The year is 119 AD. Former Roman officer Marcus Flavius Aquila (Anthony Higgins) is haunted by the fate of his father’s legion, the Ninth. Four thousand men had been dispatched to fight the Caledonian tribes in Northern England, but they all vanished without trace. Adopting the disguise of a Greek oculist and accompanied by the faithful Esca (Christian Rodska), Marcus is determined to locate the Ninth’s Golden Eagle, which symbolises the honour of the legion, and bring it back home.
Originally published in 1955, The Eagle of the Ninth was a children’s historical adventure novel written by Rosemary Sutcliff. A prolific author, The Eagle of the Ninth has to rank as one of her most enduring works. And although the bulk of her output was written for a juvenile audience, Sutcliff once stated that she wrote “for children of all ages, from nine to ninety”.
That her stories had universal appeal is demonstrated by this adaptation, which ran for six episodes during 1977. Broadcast in the Sunday Classic Serials slot, there’s no sense that it was specifically tailored for a younger audience. As was usual for adaptations from this era, it sticks pretty closely to the original source material (whereas the recent film – The Eagle, starring Channing Tatum – took more liberties and therefore rather diluted the impact of Sutcliff’s tale).
Episode one opens twelve years after the disappearance of the Ninth. Marcus arrives in Britain to take up charge of an isolated garrison. He’s still a little touchy about his father’s fate, but the rebellious Britons massing outside the fort might be more of an immediate problem.
There’s some familiar faces lurking inside the garrison, such as the blunt Drusillus (played by Bernard Gallagher). Gallagher, probably best known for appearing in the first few series of Casualty, gives Drusillus an entertaining dose of weary cynicism – he’s an older and a much more experienced soldier than Marcus, but it’s Marcus who’s in charge.
This first episode – Frontier – also boasts an early television appearance from Patrick Malahide, as Cradoc. You may have to look twice to find him though, as he’s almost unrecognisable thanks to an impressive wig and beard. Marcus attempts to foster good relations with Cradoc, a notable local, but his friendly entreaties are in vain.
Anthony Higgins impresses right from the start. Marcus might be young and inexperienced, but he’s also honest and heroic, so it therefore seems natural that we immediately side with him against the influx of hairy tribesmen. The episode has a generous film allocation, although the scenes of the tribesmen attacking the fort do look slightly comic (and tight camera angles have to be used in order to hide how few extras were available). The hand to hand fighting is nicely directed though.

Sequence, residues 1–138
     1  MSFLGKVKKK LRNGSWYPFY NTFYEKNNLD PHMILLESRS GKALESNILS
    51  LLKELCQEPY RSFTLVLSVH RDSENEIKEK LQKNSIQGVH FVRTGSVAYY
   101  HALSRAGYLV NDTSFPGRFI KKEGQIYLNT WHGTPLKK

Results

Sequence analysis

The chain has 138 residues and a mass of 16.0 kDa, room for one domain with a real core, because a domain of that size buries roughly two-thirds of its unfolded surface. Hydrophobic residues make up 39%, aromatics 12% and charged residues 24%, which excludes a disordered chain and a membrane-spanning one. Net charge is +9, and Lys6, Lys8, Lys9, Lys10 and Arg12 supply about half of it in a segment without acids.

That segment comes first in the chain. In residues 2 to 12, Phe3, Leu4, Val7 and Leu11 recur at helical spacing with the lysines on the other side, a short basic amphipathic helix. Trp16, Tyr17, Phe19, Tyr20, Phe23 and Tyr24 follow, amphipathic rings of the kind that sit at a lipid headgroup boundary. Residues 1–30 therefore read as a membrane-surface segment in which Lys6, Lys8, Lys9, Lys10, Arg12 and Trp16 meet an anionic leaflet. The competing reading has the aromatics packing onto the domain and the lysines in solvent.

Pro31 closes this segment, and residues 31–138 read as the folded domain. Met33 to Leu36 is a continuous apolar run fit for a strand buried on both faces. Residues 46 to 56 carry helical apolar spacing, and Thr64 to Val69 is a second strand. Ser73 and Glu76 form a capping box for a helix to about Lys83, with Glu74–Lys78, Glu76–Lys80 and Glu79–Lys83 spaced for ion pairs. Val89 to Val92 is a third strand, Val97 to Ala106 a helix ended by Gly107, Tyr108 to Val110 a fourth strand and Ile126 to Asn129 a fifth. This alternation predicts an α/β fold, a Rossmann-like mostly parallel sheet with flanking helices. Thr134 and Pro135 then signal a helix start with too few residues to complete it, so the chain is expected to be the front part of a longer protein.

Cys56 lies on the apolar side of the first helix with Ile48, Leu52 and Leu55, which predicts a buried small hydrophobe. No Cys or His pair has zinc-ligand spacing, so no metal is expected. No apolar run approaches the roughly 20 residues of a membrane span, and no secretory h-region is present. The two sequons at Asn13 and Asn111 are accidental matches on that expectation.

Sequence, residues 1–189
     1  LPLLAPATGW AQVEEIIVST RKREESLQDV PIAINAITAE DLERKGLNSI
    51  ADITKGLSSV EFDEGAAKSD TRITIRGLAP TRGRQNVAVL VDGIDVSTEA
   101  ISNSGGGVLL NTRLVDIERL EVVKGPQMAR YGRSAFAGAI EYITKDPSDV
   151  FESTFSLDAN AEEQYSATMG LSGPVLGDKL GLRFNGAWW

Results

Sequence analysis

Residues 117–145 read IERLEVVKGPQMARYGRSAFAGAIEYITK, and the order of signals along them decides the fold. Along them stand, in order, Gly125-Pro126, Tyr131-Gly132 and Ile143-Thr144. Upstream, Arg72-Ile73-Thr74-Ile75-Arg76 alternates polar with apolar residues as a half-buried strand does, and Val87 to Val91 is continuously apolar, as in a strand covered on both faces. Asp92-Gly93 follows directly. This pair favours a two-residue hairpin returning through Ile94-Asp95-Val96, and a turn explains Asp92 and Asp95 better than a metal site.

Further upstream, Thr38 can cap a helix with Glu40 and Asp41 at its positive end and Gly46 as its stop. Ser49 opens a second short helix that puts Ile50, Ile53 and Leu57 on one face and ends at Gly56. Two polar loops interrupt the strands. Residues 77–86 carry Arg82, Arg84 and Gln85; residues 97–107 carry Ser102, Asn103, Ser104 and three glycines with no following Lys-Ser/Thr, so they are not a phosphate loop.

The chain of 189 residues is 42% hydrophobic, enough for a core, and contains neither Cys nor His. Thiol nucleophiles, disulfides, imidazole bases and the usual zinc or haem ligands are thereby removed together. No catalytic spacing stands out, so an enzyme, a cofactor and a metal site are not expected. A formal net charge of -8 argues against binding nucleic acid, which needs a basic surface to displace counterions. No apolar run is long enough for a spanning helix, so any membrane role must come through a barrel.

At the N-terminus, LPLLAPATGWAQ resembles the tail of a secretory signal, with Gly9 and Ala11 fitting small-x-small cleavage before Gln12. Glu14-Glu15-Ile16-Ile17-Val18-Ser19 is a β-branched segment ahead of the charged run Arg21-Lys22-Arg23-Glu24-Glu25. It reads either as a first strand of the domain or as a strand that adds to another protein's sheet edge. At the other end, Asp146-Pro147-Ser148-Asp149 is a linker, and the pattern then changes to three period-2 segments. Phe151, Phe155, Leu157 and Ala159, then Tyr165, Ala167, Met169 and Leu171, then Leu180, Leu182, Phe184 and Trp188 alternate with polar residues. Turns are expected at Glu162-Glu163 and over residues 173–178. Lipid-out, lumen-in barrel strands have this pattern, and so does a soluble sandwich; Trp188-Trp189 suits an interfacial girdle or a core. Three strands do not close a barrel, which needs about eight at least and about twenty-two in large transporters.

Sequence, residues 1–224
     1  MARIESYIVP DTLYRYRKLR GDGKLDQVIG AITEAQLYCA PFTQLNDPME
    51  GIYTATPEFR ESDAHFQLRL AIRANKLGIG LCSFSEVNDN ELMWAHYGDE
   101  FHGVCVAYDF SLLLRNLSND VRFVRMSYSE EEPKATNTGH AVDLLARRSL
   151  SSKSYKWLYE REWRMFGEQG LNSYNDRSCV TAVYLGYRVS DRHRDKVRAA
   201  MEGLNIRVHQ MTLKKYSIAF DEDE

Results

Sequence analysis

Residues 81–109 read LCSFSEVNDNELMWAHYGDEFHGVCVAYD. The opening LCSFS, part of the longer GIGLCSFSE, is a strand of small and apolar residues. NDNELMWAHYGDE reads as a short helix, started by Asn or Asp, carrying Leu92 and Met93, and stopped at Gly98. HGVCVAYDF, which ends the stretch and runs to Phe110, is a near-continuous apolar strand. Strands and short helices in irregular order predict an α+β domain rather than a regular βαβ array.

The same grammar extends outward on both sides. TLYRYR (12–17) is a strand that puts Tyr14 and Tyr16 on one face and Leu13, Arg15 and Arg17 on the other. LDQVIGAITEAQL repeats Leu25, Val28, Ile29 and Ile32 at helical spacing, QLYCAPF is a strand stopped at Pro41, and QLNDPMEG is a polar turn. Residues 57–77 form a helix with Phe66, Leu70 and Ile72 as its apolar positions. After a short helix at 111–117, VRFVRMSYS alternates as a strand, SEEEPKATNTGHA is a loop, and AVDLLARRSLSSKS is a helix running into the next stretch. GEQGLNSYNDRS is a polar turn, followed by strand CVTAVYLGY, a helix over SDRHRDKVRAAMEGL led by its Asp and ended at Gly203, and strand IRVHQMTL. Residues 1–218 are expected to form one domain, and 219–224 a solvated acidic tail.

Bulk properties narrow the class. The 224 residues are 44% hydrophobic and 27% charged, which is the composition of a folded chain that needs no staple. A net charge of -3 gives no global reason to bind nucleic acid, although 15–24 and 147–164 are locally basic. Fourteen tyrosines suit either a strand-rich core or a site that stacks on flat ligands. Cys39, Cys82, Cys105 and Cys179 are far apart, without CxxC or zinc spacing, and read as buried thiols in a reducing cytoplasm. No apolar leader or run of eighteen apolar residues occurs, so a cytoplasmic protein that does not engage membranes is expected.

The injuries suffered by Marcus during the attack have left him unable to walk which means that his time as a soldier has come to an end. Whilst recuperating at his uncle’s farm, they both elect to visit the local amphitheatre. It’s not the coliseum, but it does introduce us to two important characters – Esca and Cottia (Gillian Bailey).
Esca is toiling in the pit – locked into a fight to the death with another slave – whilst Cottia, like Marcus, is a slightly queasy spectator (both were perturbed by the sight of a bear being gored to death). When Esca is beaten, the crowd – overcome by bloodlust – all place their thumbs downwards, signifying that Esca should be put to death. We can forgive this anachronstic moment – since it was widely believed to be accurate at the time – although quite how Marcus was able to persuade the crowd en-masse to spare Esca is a bit of a mystery.
Marcus needs a body slave and buys Esca. Their relationship is a key part of the story and the interaction between Higgins and Rodska works well throughout the serial. Esca is initially reserved and bitter, but it isn’t long before the pair form a tight bond. Gillian Bailey also impresses as the proud Cottia. She rails against being forced to act like a Roman maiden, rather than the Iceni tribeswoman she actually is. There’s a lovely moment when, anxious to see the ill Marcus, she bites the arm of a slave blocking her way!
The second half of the serial sees Marcus and Esca set out to find the Eagle of the Ninth. This quest results in Marcus suddenly gaining a rather unconvincing beard (but then fake face fungus can be found in most classic serials of this era). He’s also haunted in his dreams by the long-dead soldiers of the Ninth – in his imaginings they’re a legion of walking skeletons (a brief, but quite effective nightmarish scene).
The Eagle of the Ninth was made in the usual way for a production of this era – film for the exteriors and videotape for the interiors. Picture quality is as you’d expect for something that’s forty years old – some of the early film inserts are a little grubby and the studio scenes are a little soft – but overall it’s quite watchable. Production design is very sound throughout, especially the studio farmhouse which features in several episodes (nicely designed by Campbell Gordon).
Although the serial features a number of battle scenes, this isn’t an action story – it’s more of a reflective, character-driven drama. According to this webpage, Rosemary Sutcliff not only loved the adaptation, but was so taken with Higgins’ performance that she kept a photograph of him on her writing desk for decades afterwards.
It may be true that some of the tribal antics (and beards) are a little unconvincing, but overall this is a literate and well acted production which transcends its limited budget. Running for six 30 minute episodes (spread across two discs) it’s released by Simply Media on the 16th of January 2018 and can be ordered directly from them here. RRP £19.99.